Apple’s Gatekeeper is supposed to protect the Mac OS X users from malicious software, but a researcher, Patrik Wardle, director of research at Synack, suggests that there are certain loopholes that can be exploited by attackers, subsequently enabling them to bypass the Gatekeeper.
The Gatekeeper is an anti-malware technology that was first introduced by Apple into the OS X ecosystem with the OS X 10.7.5 “Mountain Lion” launch in 2012.
When contacted for his statement, Wardle said, “Gatekeeper conceptually is good technology and protects users from inadvertently running unsigned code. The fundamental issue that I found is that Gatekeeper does not validate external content.”
Th main issue was in the installation process of the applications. The Gatekeeper allowed the installation of signed and verified applications, but, if the script was nested inside the package, there was no way that the anti-malware could detect and prevent its execution. After being reported of this flaw, Apple rolled out a patch, identified as CVE-2015-7024.
However, Wardle still believes that the patch is yet to be freed of all the loopholes and an attacker could still bypass the Gatekeeper thus loading a code that is unsigned.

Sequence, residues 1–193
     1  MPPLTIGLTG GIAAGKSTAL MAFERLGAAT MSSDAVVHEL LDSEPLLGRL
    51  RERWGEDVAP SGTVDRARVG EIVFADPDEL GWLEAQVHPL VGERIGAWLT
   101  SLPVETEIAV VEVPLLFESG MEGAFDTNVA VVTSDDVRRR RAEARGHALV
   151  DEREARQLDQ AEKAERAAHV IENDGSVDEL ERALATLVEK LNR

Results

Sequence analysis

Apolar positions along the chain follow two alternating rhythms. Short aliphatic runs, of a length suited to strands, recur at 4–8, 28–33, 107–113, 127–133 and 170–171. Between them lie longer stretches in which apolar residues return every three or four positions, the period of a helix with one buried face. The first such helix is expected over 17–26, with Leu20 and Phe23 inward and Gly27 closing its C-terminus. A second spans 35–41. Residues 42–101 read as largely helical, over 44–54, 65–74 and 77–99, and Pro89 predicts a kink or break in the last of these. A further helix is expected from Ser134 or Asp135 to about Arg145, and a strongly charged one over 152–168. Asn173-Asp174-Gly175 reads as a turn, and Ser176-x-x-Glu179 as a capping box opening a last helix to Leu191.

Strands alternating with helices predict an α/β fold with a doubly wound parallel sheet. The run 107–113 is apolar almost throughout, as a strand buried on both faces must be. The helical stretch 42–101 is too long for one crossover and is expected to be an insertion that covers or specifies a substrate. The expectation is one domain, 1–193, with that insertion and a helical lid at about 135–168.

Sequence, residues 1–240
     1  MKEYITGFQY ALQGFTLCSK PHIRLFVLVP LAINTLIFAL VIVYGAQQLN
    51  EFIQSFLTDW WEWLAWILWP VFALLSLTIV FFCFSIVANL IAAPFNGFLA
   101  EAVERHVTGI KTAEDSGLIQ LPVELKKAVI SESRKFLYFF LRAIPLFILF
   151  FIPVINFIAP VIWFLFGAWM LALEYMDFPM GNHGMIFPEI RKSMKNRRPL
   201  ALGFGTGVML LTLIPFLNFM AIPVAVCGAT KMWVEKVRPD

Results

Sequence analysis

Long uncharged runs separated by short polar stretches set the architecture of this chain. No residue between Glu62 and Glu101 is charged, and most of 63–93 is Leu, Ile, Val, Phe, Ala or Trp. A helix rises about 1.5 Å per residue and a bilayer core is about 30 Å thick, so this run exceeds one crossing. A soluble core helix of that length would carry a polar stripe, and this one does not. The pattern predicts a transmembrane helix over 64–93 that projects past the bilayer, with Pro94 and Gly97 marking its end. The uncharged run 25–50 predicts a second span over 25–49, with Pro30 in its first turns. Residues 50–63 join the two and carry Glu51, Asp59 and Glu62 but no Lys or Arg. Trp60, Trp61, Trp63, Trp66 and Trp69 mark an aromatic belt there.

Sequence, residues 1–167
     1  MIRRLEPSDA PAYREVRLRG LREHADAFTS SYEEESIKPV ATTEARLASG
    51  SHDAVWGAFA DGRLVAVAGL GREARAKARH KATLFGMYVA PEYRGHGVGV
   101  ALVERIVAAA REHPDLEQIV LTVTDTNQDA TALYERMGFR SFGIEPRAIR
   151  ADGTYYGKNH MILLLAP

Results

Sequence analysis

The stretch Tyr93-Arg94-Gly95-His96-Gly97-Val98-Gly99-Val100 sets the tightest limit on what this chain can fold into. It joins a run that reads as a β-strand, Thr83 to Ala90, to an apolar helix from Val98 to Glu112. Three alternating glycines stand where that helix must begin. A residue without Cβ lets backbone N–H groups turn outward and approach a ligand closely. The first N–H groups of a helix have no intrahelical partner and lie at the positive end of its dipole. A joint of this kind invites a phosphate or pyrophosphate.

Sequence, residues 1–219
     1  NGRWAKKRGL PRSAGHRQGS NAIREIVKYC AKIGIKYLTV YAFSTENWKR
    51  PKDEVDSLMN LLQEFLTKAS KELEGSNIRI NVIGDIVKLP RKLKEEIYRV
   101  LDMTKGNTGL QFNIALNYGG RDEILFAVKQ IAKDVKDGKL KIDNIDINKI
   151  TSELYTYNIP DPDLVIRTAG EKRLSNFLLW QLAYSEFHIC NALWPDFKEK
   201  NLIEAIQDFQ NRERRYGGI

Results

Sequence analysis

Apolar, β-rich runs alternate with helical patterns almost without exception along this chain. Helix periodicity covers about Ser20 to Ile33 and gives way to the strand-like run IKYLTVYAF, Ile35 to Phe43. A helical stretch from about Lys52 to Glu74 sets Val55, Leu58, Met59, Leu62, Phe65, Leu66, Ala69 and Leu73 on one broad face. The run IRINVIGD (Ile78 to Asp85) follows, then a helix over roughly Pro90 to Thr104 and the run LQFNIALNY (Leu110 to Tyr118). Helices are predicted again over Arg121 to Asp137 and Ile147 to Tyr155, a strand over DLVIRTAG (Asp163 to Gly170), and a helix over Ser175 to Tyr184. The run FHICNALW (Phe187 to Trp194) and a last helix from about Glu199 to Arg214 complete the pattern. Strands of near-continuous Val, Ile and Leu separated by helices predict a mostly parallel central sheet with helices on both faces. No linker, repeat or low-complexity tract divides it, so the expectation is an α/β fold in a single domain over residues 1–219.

“The way Apple patched the issue is to just blacklist the signed Apple binaries that I used to trigger the flaw,” he said. “I’d like to see Apple release a patch that is more comprehensive, and they have indicated to me that they are working on a bigger Gatekeeper fix.”
The flaw in the patch will directly affect dynamic-link libraries that have been linked statically to the application. Apple will now scan the DLL’s and then, if they are not found in a directory that is trusted, the Gatekeeper will then block the application.
However, Wardle again pointed out an issue in this scheme of protection and said,”But if the application dynamically loads libraries from a local location, a malicious installer package could bypass Gatekeeper, the problem is that Gatekeeper doesn’t do any runtime analysis or analysis on secondary components.“.
To make sure that such security issues don’t prevail, Wardle is launching a free tool called Ostiarius that is primarily responsible for the protection of Mac OS X users, by blocking unsigned binaries from running.